Fourth-round pick Rashard Robinson a bright spot on 49ers’ defense

Despite dropping to 1-4, the 49ers can find some solace in the rise of rookie CB Rashard Robinson this season.

| 2 months ago
49ers CB Rashard Robinson

(Photo by Michael Zagaris/San Francisco 49ers/Getty Images)

Fourth-round pick Rashard Robinson a bright spot on 49ers’ defense


Through five games, the season looks to be a dismal one again for the 49ers. With Arizona starting backup QB Drew Stanton on Thursday night, it seemed for a time that San Francisco would be able to grind out an ugly win, but mistakes crept in, and the game went the Cardinals’ way.

The 49ers’ rookie draft class has so far been underwhelming, with even top pick DeForest Buckner yet to really hit his stride. There has been one exception, however, in the form of CB Rashard Robinson, who through five games, has a legitimate stake for Defensive Rookie of the Year.

With injuries in the San Francisco secondary, Robinson has found playing time early on, and has earned an expanded role with his performance in those limited snaps. Over the first three weeks of the season, he played just 45 snaps, but didn’t allow a single catch on those plays, and was targeted only once.

Robinson has started at cornerback for the 49ers the past two weeks, and has risen his play even more. Against Dallas and Arizona, he was targeted a combined eight times, but allowed only four catches for 31 yards. He broke up three of the four incompletions.

Robinson has always been a talented player, but was not a guy that married that talent to academic endeavor in high school or college. He barely made the eligibility deadline before his freshman season at LSU, and was suspended indefinitely during his sophomore season—a suspension that effectively ended his college career, causing him to sit out the 2015 season and then enter the draft.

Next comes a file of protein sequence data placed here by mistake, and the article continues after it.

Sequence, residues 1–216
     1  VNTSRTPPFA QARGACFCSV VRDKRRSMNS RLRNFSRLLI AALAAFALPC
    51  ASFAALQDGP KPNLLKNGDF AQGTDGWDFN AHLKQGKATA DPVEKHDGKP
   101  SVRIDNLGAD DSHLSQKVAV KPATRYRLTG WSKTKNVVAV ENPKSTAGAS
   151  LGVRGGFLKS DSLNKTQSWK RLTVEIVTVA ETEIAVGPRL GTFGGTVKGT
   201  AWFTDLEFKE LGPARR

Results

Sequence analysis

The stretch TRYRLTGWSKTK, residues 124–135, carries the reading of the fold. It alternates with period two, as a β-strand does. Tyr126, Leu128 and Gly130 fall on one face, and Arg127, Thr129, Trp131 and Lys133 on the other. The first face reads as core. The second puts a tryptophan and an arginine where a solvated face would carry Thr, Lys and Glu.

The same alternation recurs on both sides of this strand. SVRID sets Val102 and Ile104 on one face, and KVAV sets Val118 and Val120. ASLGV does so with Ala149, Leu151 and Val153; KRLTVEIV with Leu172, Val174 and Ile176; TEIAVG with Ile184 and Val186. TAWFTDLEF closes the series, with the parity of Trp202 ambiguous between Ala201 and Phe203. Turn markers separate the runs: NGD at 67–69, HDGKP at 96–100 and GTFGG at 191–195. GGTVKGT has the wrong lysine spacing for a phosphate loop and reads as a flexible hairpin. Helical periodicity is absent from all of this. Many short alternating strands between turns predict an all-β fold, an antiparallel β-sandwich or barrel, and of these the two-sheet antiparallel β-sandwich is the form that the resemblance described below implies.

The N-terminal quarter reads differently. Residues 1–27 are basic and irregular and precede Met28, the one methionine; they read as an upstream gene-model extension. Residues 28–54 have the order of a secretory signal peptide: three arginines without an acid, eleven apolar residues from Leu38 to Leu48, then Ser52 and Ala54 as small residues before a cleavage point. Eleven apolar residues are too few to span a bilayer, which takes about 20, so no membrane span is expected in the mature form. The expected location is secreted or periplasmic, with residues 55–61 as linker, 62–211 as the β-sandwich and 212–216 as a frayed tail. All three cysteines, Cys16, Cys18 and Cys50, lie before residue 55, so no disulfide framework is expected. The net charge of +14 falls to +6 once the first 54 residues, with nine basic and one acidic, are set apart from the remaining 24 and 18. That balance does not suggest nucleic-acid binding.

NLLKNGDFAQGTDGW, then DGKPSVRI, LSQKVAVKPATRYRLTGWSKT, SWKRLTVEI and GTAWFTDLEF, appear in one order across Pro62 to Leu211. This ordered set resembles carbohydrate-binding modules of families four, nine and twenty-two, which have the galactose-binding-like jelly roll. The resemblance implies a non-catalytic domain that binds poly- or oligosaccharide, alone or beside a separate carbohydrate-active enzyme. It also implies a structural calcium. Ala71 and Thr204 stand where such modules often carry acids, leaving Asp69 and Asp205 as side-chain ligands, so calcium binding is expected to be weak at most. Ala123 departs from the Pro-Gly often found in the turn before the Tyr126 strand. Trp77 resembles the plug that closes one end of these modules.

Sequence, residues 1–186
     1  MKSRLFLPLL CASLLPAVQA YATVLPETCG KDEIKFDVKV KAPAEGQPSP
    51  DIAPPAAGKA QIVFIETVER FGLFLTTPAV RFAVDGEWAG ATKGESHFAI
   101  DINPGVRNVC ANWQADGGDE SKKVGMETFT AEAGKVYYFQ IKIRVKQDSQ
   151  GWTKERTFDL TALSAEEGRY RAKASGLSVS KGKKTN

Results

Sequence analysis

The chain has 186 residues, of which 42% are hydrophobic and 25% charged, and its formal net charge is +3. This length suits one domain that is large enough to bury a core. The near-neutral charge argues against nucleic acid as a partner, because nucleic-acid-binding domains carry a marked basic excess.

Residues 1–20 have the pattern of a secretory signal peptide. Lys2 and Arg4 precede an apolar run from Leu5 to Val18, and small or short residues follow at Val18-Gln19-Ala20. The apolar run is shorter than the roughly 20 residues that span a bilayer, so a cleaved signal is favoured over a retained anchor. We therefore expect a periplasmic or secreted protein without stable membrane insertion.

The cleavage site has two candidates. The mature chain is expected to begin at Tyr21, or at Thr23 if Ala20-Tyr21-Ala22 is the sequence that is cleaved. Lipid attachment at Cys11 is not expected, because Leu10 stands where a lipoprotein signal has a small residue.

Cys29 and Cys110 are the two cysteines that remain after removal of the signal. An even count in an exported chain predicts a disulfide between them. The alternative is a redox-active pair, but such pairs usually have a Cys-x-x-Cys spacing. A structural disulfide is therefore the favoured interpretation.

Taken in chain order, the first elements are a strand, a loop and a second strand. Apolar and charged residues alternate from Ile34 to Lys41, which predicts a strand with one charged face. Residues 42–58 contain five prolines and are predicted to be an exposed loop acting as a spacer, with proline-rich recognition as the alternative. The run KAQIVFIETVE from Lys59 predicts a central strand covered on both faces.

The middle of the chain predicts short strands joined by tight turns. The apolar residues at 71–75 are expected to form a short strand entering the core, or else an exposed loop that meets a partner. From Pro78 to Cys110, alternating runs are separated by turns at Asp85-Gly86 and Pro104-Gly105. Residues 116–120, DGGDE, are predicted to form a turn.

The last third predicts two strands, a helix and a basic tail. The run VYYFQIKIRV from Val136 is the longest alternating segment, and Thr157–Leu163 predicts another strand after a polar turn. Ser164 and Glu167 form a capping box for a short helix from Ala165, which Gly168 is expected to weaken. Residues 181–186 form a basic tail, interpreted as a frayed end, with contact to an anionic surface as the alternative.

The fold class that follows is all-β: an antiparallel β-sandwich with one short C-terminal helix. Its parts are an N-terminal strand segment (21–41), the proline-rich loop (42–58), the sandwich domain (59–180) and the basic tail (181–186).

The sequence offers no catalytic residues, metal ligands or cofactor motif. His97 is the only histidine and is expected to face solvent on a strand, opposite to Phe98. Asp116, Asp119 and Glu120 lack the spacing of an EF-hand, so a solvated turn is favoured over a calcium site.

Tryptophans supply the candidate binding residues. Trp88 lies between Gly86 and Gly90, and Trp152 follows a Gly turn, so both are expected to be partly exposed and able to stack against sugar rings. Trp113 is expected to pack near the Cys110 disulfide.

Obviously those kinds of problems are huge red flags for a draft prospect, but the hype machine around Robinson briefly took off before the combine when somebody put word out that he would run a 40-yard dash time in the 4.2s at 6-foot-3 in height—the ideal traits NFL teams are looking for in prospects, long cornerbacks to combat today’s giant receivers. He ended up only running a 4.43 and measuring two full inches shorter, at 6-foot-1, but those are still pretty attractive numbers. Robinson’s measurables may not have been enough to overcome the aforementioned red flags and catapult him up the draft board, but they do help explain some of his early success.

The 49ers snagged him in the fourth round of the draft, 65 picks after the first cornerback they drafted—Will Redmond from Mississippi State—but Robinson got the chance to leap up the depth chart when Redmond went on injured reserve.

In the preseason, his play was excellent, and he ended with the highest coverage grade among all corners in the league, having been thrown at 13 times, surrendering seven catches for 58 yards. He didn’t allow a touchdown, but notched an interception and two pass defenses, and when targeted, yielded a passer rating of just 33.5—actually worse than if the QB just threw the ball into the dirt on those 13 targets.

His college tape showed some incredible make-up speed, but the propensity to get beat often enough to need it, even in man coverage. With the 49ers this season, he has been used primarily as a man-to-man corner, but he looks far stickier in coverage and less prone to getting badly beat.

When watching him, it’s notable that Robinson tries to maintain contact all the way through his route, with a textbook hand on the hip of his receivers on most plays. At times that strays very close to the line in terms of illegal contact, but he has yet to be flagged for anything in the regular season, at least on defense.

Robinson is still far from a finished product. He is a raw player that, at the moment, is far more comfortable in man coverage than he is in zone, and that will need to expand if he is to develop into a legitimate player in this league. So far, however, he looks much better than the pick invested in him would suggest, and has the kind of potential that could reap big rewards. GM Trent Baalke was bullish after drafting him that the team had done their homework—receiving intel from a strength coach that knew him from their times at LSU—and that he was a talent worth taking a chance on. So far he has been right, and Robinson has been one of the lone bright spots for the 49ers this season.

| Senior Analyst

Sam is a Senior Analyst at Pro Football Focus, as well as a contributor to ESPN.

  • Captain ‘K’

    An extremely rare good pick by Baalke. But it’s not enough. He still has to go.